This past year I seldom opened my file drawer of unpublished stories. For lots of reasons, some just excuses, actually, some quite valid. But what child wanting your attention cares a whit for reasons. All he knows is he wants your attention, and he wants it now. So when I do open the drawer, I hear their voices. . .
Do you remember Wanda Gag's story about the old man who found a hill covered with "hundreds of cats, thousands of cats, millions and billions and trillions of cats"? I don't remember other details of the story as well as I remember that intoxicating refrain. But I do know that the old man wanted only only one cat, and that the cats all began clamoring to be picked. "Choose me!" "Choose me!" Can you imagine? All those voices, all of them demanding attention. All but one. One little cat with nothing special to offer. And in the end, of course. . .
It would be nice if all the little cats and stories with nothing special to offer would each find a home. But that doesn't always, or even often, happen. I wish the following little story could find a home. But it won't. It's a story set in a time that has passed. Families like Christopher's are few and far between, and the world that they inhabit has changed in many ways. The story is "too religious" for a mainstream publishing house, but not orthodox enough for a denominational publisher. It's dated, but not old enough to be considered historical.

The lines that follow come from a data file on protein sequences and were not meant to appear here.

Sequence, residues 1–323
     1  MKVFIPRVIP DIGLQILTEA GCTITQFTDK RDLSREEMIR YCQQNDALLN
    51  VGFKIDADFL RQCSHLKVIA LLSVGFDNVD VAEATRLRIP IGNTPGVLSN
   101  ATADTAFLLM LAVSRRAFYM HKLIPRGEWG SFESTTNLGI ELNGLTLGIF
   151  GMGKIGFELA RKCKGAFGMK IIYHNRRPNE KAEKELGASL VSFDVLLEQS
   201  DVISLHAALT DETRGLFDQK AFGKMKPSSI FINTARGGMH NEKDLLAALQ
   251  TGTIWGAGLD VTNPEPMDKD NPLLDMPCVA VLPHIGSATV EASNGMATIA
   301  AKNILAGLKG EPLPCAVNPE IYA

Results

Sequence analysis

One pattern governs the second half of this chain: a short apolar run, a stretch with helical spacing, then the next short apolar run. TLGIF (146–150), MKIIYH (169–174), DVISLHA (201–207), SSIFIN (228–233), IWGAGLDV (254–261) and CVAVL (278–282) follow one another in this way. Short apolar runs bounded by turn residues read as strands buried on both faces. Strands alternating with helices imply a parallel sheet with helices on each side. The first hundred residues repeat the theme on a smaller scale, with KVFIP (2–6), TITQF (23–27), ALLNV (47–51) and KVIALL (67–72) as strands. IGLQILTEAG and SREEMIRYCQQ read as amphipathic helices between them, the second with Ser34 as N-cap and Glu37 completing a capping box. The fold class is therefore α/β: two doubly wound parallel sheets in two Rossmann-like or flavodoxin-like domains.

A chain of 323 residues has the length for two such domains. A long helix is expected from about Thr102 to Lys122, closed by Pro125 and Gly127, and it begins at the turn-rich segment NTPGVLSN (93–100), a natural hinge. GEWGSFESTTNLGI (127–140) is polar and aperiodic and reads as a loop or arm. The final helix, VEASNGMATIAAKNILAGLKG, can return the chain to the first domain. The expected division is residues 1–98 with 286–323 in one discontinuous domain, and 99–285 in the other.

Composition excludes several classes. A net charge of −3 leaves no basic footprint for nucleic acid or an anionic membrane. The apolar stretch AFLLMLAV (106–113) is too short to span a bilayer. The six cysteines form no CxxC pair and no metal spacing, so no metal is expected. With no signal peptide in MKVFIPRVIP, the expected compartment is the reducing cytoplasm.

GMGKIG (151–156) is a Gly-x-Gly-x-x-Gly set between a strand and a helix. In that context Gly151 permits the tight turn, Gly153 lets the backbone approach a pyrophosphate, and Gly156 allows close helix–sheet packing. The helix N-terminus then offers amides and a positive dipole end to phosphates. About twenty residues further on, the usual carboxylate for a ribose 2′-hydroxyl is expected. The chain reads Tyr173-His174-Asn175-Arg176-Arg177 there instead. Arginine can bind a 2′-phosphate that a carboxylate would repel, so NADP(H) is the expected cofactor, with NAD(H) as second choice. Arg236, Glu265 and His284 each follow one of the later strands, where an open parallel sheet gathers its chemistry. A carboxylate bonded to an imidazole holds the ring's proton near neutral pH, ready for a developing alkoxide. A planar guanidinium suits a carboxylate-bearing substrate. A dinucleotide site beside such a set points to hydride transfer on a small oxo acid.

"Christopher's Great Ideas" is a misfit story. But if there is an island of Misfit Toys, maybe nearby there's an island of Misfit Stories. And someone on an Advent reading voyage may discover it and enjoy celebrating Advent the way my family used to. I miss those days.
And then Chris has his last Great Idea of the week. "I think Abby had me," he says. "Because she kept reminding me not to forget this year."
By the time the basket of names comes again, and Chris draws Mom's name for next week, he feels completely well. Well enough to go down to the kitchen for cookies and peppermint stick ice-cream.